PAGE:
The complaint served last week by the Minneapolis Park and Recreation Board against Eden Prairie-based Lake and Knox LLC follows a city lawsuit last month: over the discharge of groundwater. The Park Board will ask that the two lawsuits be joined, attorney Brian Rice said.

The city and Park Board allege that the apartment owner exceed the limits of a temporary permit it was issued during construction of the 56-unit building to lower the water table to permit construction of a lower-level garage. The Park Board cites its statutory authority over waters adjacent to parks.

The Park Board asked the court to declare the discharge illegal, to enjoin further discharge and to award unspecified damages.

Lake and Knox is not due to file an answer until late this month in Hennepin County District Court to the allegations against it, nor has its attorney responded to Star Tribune inquiries.

The lawsuits allege that the apartment project is pumping an annual 89 million gallons into the lagoon. The Park Board alleges that causes thin ice and open water on the lagoon, creating hazards for skiers and others, mars the scenery, uses storm drain capacity, and impedes the effectiveness and hinders the maintenance of a grit chamber intended to remove sediment and accompanying pollutants.

MPR: Lawsuit Threatened Over Water Discharge From Building

The following item by Jon Collins was published in the October 21, 2013 edition of MPR News:

City threatens suit over building’s discharge of water into Chain of Lakes

The owners of a building near the Chain of Lakes in Minneapolis could face a lawsuit from the city for discharging thousands of gallons of water an hour into the nearby lakes through a storm sewer.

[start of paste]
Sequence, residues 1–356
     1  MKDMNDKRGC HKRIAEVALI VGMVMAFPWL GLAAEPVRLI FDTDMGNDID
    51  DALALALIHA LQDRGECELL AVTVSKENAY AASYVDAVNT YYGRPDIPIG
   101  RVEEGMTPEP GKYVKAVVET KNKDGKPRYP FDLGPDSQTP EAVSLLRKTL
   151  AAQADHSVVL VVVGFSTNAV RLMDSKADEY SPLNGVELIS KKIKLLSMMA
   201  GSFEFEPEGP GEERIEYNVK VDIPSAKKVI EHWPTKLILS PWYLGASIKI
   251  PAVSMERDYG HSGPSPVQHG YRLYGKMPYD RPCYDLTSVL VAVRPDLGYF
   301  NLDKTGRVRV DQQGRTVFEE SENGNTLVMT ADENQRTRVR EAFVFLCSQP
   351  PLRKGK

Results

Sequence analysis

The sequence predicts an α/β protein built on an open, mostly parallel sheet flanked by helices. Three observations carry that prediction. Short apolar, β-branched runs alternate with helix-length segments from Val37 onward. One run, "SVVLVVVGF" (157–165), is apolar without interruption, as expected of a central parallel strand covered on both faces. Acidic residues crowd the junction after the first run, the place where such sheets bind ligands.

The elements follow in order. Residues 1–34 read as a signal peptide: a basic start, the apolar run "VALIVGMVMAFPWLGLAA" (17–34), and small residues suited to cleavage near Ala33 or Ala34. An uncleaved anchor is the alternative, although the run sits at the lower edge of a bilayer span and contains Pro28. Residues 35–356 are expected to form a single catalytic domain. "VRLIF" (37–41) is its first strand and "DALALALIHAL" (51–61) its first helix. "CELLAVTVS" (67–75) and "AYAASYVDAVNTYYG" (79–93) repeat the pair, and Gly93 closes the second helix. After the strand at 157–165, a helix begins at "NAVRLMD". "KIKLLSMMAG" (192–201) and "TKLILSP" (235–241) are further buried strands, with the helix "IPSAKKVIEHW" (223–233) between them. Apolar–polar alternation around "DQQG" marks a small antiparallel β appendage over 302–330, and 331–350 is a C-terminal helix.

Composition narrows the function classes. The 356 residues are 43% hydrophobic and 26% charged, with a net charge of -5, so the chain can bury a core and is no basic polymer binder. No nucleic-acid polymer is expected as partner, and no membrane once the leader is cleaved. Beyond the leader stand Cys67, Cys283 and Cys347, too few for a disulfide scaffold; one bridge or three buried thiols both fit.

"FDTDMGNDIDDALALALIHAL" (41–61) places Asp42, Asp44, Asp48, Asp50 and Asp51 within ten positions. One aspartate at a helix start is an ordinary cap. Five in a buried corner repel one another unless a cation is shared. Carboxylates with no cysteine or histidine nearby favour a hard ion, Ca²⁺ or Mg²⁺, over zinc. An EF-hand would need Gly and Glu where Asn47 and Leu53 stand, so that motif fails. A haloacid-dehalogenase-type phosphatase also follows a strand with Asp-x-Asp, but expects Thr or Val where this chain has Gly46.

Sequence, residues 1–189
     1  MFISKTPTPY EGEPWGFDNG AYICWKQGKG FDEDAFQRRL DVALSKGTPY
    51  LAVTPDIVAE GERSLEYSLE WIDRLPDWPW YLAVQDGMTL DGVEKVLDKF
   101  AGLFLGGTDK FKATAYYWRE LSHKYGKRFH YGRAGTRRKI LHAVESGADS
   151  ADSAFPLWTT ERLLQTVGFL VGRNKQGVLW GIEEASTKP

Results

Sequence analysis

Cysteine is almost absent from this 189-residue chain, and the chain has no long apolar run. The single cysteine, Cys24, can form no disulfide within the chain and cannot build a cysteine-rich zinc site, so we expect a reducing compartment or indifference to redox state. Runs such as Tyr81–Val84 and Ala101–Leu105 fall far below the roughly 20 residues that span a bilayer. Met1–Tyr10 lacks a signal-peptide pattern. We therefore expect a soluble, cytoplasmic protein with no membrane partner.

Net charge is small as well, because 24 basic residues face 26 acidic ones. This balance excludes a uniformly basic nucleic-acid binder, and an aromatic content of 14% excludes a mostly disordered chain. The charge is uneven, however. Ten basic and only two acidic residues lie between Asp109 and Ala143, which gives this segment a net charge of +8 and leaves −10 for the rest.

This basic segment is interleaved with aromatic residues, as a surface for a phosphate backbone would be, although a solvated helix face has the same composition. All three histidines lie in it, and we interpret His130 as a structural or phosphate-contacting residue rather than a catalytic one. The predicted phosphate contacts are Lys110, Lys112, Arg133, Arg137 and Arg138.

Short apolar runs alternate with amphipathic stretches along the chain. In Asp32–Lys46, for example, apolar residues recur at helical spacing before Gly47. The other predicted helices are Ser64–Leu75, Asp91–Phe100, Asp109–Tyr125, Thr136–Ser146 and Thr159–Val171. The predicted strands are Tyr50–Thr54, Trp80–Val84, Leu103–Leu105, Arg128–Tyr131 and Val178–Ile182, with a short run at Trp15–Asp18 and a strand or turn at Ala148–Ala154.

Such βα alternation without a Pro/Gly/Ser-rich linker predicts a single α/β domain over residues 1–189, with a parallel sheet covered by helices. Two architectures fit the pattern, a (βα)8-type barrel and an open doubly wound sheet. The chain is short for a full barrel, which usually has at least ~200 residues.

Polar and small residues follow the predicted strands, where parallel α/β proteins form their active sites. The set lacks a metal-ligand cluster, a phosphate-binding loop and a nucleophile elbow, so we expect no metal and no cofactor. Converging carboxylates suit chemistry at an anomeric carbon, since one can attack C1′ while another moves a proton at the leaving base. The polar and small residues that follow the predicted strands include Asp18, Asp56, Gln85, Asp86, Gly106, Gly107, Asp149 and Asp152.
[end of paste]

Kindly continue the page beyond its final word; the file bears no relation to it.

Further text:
The Minneapolis City Council has authorized a lawsuit against Lake and Knox LLC, the owners of the luxury apartment building 1800 Lake on Calhoun, according to a statement released Monday.

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Luxury Apartment’s Groundwater Issue Headed To Court

The following Southwest Journal article by Dylan Thomas was updated on October 22, 2013:

Luxury apartment’s groundwater issue headed to court


The city plans to sue the owners of 1800 Lake on Calhoun over the illegal discharge of groundwater.

File photo

The Minneapolis City Council may take the owner of an Uptown luxury apartment building to court over what it the city says is the illegal discharge of groundwater into the Chain of Lakes.

Pumps must move an estimated 170 gallons of groundwater per minute away from the foundation of 1800 Lake on Calhoun in order to keep the building’s two stories of underground parking dry. The constant flow through the storm sewer means city crews can’t access nearby sewer pipes for maintenance.